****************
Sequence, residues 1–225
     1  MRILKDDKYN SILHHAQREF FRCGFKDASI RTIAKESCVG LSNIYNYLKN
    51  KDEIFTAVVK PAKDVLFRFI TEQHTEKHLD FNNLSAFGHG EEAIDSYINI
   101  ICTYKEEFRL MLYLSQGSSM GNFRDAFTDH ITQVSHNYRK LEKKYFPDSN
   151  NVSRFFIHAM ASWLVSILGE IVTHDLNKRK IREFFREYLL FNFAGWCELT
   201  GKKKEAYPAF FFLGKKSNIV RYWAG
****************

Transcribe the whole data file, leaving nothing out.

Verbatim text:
Sequence, residues 1–225
     1  MRILKDDKYN SILHHAQREF FRCGFKDASI RTIAKESCVG LSNIYNYLKN
    51  KDEIFTAVVK PAKDVLFRFI TEQHTEKHLD FNNLSAFGHG EEAIDSYINI
   101  ICTYKEEFRL MLYLSQGSSM GNFRDAFTDH ITQVSHNYRK LEKKYFPDSN
   151  NVSRFFIHAM ASWLVSILGE IVTHDLNKRK IREFFREYLL FNFAGWCELT
   201  GKKKEAYPAF FFLGKKSNIV RYWAG